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Antagonistic pleiotropy

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Antagonistic pleiotropy hypothesis
The antagonistic pleiotropy hypothesis was first proposed by George C. Williams in 1957 as an evolutionary explanation for senescencePleiotropy is the phenomenon where one gene controls for more than one phenotypic trait in an organism. Antagonistic pleiotropy is when one gene controls for more than one trait where at least one of these traits is beneficial to the organism's fitness and at least one is detrimental to the organism's fitness. The theme of G.C. William's idea about antagonistic pleiotropy was that if a gene caused both increased reproduction in early life and aging in later life, then senescence would be adaptive in evolution. For example, one study suggests that since follicular depletion in human females causes both more regular cycles in early life and loss of fertility later in life through menopause, it can be selected for by having its early benefits outweigh its late costs.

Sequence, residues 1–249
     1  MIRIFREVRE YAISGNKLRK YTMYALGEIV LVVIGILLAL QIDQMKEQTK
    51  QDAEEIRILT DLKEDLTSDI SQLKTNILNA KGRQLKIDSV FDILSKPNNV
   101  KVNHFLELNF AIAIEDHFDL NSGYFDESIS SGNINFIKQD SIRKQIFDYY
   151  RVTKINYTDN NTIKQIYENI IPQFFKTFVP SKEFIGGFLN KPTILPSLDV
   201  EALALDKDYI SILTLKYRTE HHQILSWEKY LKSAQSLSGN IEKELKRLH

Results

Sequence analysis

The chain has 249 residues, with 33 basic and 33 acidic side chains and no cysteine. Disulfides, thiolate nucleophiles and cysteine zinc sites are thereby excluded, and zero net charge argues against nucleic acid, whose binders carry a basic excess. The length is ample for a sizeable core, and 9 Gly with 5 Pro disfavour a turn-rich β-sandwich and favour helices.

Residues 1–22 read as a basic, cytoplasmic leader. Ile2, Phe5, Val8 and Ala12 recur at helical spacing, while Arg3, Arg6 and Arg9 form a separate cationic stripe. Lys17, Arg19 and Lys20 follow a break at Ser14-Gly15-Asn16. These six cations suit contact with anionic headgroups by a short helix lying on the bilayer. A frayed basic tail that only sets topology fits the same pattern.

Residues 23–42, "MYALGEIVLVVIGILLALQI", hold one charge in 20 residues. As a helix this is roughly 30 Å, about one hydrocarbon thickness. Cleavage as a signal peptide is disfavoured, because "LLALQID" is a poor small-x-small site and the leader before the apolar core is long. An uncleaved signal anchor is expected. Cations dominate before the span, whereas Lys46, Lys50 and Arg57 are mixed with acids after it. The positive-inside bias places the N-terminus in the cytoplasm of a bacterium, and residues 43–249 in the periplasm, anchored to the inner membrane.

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Antagonistic pleiotropy
The effects of a gene which are beneficial early in life (i.e., increasing fitness) but deleterious later in life (no change in fitness after the reproductive age). Such genes will be maintained by selection, because by the time the gene exerts its damage, its bearers will already have had more offspring than other individuals.

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